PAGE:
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First Trident Launch submitted by Bill Kaczmarek MT2- Gold crew 78 - 80

 

 The Key was chosen to execute the first submerged launch of a Trident missile back in 1978-1979 and we steamed from our home port of Charleston, SC to Cape Canaveral, FL loaded with ballast in our missile tubes.  When we got there, we outfitted the boat with a telemetry mast and then loaded two trident D-1 test missiles with the idea of doing two shots.  

When the boat was finally rigged, we proceeded out to the test range where we launched the first bird.  About three seconds into the launch, the status reports stopped being read and after a few more minutes we found out that the missile failed and was destroyed as it hit the ocean about a mile away from us.  I remember the ship rocking as the shock wave hit us and the collision alarm going off.  It was at his point that I also met Vice Admiral Carr, head-on.   When the collision alarm sounded, I came around the port side upper level corner of the missile compartment to secure the W/T door at about flank speed and ran smack dab into him as he was approaching the corner.  Those stars on his collar looked huge and I thought I'd get in trouble for running over an Admiral but he was scrambling to get out of my way and told me to carry on.  

After the unsuccessful launch attempt, we returned to port and turned around the fired tube.  We then found ourselves in the position of not having a mission to execute and a whole patrol cycle to do it, so COMSUBLANT sent us to Annapolis to show the middies what a real live submarine looked like and try to recruit some of them for the pirating life.   This picture shows the middies coming aboard.  I actually met a kid from my home town who was a midshipman (I knew his father) at the time.  It was during this in port time at Annapolis that  Senator Moynihan  came on board and I remember shaking his hand when he was touring through Launcher and the Missile compartment.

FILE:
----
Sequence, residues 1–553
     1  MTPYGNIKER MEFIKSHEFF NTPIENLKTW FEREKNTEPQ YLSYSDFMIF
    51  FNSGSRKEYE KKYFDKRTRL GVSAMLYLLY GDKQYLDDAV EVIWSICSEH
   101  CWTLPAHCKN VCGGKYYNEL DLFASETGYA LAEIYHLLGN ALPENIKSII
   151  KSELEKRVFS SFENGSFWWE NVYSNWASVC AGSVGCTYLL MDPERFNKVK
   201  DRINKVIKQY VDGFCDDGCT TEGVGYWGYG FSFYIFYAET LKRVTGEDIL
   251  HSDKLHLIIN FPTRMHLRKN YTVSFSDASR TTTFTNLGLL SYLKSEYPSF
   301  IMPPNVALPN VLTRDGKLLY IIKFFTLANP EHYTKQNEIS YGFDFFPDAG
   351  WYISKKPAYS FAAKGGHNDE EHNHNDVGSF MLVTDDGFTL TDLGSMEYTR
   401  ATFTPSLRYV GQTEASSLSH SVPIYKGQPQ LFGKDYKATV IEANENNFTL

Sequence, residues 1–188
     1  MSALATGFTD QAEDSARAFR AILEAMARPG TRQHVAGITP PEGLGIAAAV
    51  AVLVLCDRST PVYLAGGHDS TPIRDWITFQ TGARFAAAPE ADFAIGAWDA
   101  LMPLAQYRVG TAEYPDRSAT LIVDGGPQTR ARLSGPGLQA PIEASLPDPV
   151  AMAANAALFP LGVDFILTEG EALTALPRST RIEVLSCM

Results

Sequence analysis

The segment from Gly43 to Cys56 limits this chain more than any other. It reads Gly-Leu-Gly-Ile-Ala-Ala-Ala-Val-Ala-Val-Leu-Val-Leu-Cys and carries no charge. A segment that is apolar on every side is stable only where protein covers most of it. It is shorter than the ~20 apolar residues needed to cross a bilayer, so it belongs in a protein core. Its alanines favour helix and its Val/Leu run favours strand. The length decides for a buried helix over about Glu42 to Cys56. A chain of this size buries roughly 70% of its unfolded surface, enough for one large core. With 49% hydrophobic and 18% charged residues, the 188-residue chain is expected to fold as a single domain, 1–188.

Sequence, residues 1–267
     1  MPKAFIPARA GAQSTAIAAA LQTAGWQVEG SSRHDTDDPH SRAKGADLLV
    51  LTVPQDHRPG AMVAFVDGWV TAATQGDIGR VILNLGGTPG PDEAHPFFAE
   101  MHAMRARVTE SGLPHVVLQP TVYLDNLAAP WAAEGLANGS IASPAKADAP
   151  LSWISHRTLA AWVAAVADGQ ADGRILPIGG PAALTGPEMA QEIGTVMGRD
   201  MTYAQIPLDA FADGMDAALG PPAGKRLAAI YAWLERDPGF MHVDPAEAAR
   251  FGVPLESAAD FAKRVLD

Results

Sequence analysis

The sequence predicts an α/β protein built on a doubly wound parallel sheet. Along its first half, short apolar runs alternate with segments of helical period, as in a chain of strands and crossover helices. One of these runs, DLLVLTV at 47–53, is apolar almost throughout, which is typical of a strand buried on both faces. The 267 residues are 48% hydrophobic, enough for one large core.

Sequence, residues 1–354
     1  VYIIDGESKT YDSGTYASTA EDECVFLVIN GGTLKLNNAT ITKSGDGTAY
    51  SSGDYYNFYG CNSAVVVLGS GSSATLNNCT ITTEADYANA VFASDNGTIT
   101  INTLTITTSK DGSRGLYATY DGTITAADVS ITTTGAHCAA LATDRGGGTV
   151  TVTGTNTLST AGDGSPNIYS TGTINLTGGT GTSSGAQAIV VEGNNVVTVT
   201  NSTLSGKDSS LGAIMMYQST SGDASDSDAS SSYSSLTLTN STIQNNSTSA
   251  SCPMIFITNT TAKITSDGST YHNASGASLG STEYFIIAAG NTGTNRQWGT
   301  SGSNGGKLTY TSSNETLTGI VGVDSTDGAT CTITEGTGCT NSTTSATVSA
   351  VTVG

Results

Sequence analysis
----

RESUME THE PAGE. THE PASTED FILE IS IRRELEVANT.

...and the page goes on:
This picture shows the underwater video cameras in position over the tubes that we were to fire.  If you watch some of the submarine shows on the Discovery or History Channels once and a while, you can make out the Keys' missile hatches as they're opened for the launch.  Ours weren't painted like billiard balls so they're pretty distinctive.

 

The Key went on to successfully launch the first Trident missile from a submerged submarine and then became the first submarine to be completely outfitted with the new missile and proceed on patrol.